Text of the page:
FX assistant editor Emily Martin takes a trip into Kensington Gardens in Hyde Park to have a look at the four summer houses accompanying this year’s Serpentine Pavilion by practice BIG.
Words by Emily Martin
With its opening timed to coincide with the London Festival of Architecture, which sees events taking place across the capital this month, the 16th Serpentine Gallery Pavilion sees an addition of four summer houses commissioned for the annual event.
Designing this summer's pavilion is Bjarke Ingels Group (BIG) in the form of an 'unzipped wall' to transform into a 3D space.
The four accompanying summer houses are designed by Kunlé Adeyemi (NLÉ), Barkow Leibinger, Yona Friedman and Asif Khan. Each summer house design draws inspiration from the nearby William Kent-designed Queen Caroline's Temple, a classical-style summer house built in 1734. Each design explores the temple building in varying and unique ways.
1 Bjarke Ingels Group (Big) pavilion BIG's pavilion will host a café and family activities during the day to transform into a space for 'Park Nights' after dark, with a programme of works featuring writers, artists and musicians.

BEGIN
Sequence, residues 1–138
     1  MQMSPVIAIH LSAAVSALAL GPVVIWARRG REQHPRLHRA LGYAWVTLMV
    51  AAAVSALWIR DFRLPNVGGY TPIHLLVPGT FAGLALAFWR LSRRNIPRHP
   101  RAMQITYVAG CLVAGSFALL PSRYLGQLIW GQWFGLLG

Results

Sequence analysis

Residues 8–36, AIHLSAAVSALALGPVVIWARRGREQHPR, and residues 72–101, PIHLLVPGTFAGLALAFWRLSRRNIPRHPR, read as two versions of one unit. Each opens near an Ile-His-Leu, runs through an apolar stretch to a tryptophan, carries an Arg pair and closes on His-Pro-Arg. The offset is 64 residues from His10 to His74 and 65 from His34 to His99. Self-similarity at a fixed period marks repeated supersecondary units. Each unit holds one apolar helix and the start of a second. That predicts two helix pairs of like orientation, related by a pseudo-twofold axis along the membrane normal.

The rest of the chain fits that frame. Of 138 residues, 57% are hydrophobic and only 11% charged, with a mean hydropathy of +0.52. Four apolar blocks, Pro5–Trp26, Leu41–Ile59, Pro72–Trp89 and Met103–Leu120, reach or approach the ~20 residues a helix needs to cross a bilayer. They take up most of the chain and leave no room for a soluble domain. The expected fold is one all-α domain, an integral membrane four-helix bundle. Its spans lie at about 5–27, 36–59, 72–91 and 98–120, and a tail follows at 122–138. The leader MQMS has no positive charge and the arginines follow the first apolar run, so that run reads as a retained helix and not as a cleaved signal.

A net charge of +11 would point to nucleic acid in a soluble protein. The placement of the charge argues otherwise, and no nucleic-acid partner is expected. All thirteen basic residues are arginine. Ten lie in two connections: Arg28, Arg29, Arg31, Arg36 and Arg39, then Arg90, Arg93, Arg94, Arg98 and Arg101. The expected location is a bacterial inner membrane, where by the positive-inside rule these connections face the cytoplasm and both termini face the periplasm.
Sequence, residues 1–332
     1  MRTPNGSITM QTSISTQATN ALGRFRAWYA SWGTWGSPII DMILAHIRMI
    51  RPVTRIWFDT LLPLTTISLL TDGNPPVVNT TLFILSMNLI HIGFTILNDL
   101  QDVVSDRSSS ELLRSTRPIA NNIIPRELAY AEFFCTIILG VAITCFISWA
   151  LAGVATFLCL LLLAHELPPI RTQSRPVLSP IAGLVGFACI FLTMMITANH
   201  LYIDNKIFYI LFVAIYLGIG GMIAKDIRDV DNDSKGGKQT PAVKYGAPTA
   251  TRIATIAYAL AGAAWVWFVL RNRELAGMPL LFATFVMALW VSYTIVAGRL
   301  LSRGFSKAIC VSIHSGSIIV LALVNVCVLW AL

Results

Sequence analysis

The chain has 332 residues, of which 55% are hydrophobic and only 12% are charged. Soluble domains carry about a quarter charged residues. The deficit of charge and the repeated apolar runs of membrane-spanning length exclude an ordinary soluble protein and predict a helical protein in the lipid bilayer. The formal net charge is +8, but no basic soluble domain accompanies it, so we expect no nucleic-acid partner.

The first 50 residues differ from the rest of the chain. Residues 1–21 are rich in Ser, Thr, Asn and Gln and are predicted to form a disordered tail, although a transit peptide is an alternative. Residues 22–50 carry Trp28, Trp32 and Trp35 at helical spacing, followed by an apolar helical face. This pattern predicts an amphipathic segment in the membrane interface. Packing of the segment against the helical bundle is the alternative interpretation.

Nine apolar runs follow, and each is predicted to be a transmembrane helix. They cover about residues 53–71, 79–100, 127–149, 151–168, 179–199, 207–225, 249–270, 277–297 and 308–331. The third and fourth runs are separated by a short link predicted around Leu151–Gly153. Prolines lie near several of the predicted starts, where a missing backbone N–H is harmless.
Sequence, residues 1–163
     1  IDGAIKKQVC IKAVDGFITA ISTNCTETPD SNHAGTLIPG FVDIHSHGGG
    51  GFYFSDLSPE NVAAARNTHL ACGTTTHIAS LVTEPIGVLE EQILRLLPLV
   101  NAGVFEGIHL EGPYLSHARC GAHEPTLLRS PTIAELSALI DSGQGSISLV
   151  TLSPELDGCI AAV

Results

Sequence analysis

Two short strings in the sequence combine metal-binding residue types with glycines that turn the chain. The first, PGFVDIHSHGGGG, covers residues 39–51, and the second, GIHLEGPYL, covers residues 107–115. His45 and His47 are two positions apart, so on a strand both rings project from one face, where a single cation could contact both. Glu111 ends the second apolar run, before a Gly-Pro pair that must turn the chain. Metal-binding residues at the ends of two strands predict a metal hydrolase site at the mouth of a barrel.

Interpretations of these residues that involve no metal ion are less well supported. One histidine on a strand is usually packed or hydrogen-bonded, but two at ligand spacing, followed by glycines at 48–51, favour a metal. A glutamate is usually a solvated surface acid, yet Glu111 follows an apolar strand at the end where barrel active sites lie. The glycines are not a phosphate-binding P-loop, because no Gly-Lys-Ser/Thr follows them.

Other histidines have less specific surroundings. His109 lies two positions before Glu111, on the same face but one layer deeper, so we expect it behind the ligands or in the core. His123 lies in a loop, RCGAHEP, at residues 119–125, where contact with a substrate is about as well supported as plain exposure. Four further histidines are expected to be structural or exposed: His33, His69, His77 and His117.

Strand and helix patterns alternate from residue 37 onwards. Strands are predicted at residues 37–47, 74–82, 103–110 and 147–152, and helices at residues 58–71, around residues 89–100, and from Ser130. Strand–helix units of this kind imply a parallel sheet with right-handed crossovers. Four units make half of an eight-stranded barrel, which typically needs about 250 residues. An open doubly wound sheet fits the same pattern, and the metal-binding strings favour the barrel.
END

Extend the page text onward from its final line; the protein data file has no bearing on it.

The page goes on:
Photo Credit: Bjarke Ingels Group (BIG)
2 Kunlé Adeyemi (NLÉ) summer house An inverse replica of the Queen Caroline's Temple, it pays tribute to the robust form, space and material.
Photo Credit: NLÉ
3 Yona Friedman summer house Taking form of a modular structure, it can be built and rebuilt in different formations, as with the practice's pioneering project La Ville Spatial.
Photo Credit: AECOM
4 Asif Khan summer house Asif Khan's design takes its inspiration from the positioning of the Queen Caroline's Temple, which captures the sunlight from the Serpentine lake.
Photo Credit: Asif Khan
5 Barkow Leibinger summer house Inspired by another William Kent pavilion, built in the 18th century but no longer in existence, which rotated to offer a 360-degree view.
Photo Credit: Barkow Leibinger